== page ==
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American Chemical Society honors chemistry alumna with 2019 Award for Research

The American Chemical Society has awarded IUPUI chemistry alumna and University of Richmond chemistry professor Carol Parish the 2019 Award for Research at an Undergraduate Institution.

The award is the highest honor for a chemist at an undergraduate institution and recognizes a chemistry faculty member whose research has been both greatly recognized and has aided in the professional development of students.

"This honor recognizes the best part of my job, which is mentoring undergraduates, training the next generation of scientists, and helping students achieve their post-UR hopes and dreams," said Parish.

Reflecting on her time as an IUPUI undergraduate, Parish notes her experiences in the IUPUI chemistry department changed the course of her career. As a sophomore transfer student, she was almost immediately offered a lab research position.

"The opportunity to support myself by doing research helped me to become a much more serious and goal-oriented student," Parish said. "I thrived in the social milieu available in the department - the department felt like a home away from home. This was my first introduction to student-centered, high quality teaching and outcome-oriented research. I was hooked!"

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Carol Parish (center) accepts theĀ 2019 Award for Research at an Undergraduate Institution.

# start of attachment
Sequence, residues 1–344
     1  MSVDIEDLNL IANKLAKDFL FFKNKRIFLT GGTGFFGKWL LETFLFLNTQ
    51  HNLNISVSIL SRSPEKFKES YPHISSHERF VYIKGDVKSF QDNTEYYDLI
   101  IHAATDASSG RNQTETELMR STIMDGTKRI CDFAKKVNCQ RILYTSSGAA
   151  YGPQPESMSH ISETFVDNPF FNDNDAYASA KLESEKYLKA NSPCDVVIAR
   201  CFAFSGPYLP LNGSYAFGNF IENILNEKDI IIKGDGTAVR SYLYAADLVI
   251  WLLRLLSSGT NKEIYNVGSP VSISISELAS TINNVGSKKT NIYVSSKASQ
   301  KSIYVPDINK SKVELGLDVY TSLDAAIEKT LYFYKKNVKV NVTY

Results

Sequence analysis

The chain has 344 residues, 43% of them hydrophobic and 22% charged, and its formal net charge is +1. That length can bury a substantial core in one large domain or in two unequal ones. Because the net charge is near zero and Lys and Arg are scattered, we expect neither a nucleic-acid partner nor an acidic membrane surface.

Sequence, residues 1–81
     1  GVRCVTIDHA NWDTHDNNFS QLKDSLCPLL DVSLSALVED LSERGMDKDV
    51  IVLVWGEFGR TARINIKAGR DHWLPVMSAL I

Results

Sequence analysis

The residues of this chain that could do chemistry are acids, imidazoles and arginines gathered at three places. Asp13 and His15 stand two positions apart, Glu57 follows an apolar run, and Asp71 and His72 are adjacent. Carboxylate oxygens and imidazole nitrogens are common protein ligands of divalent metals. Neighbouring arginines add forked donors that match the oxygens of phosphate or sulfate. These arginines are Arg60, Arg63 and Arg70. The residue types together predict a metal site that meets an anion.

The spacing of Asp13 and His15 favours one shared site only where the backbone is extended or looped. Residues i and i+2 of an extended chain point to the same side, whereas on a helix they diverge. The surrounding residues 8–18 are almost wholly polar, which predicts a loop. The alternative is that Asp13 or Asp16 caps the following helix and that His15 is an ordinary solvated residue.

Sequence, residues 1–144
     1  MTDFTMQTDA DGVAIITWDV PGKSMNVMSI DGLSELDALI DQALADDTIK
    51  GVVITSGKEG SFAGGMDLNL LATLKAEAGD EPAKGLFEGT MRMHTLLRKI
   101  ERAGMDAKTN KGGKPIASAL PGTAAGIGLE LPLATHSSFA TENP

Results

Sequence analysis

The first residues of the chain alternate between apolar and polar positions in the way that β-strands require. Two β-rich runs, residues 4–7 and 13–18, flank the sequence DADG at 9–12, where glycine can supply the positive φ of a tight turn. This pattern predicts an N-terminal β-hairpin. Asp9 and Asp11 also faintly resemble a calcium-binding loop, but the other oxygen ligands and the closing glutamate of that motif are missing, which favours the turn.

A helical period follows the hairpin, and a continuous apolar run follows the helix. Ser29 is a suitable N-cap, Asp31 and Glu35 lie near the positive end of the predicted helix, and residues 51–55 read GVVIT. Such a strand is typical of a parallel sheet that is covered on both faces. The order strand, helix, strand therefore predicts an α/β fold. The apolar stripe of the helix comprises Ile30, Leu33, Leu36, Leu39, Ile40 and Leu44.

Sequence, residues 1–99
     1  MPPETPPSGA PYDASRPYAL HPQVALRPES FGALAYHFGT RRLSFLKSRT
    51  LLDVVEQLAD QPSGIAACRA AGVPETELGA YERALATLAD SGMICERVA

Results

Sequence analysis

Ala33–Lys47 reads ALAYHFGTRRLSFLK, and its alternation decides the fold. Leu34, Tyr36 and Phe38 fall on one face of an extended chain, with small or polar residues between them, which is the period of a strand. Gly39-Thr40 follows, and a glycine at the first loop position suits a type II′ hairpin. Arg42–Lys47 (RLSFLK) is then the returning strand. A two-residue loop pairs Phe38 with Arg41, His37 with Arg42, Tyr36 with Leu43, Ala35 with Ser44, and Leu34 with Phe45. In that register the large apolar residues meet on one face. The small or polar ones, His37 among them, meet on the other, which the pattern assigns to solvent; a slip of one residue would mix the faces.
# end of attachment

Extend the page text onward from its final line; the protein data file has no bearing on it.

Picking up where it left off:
Today, Parish is an expert in computational and theoretical physical chemistry. She has published more than 40 research publications with 60+ undergraduate coauthors. Her research is diverse by design; the unifying theme is the methodological, molecular-based approach that is employed. Her research program has been supported by more than $3.3M from the Department of Energy, the National Science Foundation, the American Chemical Society Petroleum Research Fund, the Camille and Henry Dreyfus Foundation, and the Jeffress Memorial Trust.

Parish, who has taught at the University of Richmond since 2005, is often recognized for her research and her contributions to mentoring undergraduates. She was recently awarded a National Science Foundation grant for her research on alternative energy sources, and she received an Outstanding Faculty Award by the State Council of Higher Education. She has mentored 100 undergraduates in externally funded research focusing on developing an understanding of important processes in chemistry, biology, and physics.

Parish accepted the award in April during the annual ACS National Meeting in Orlando.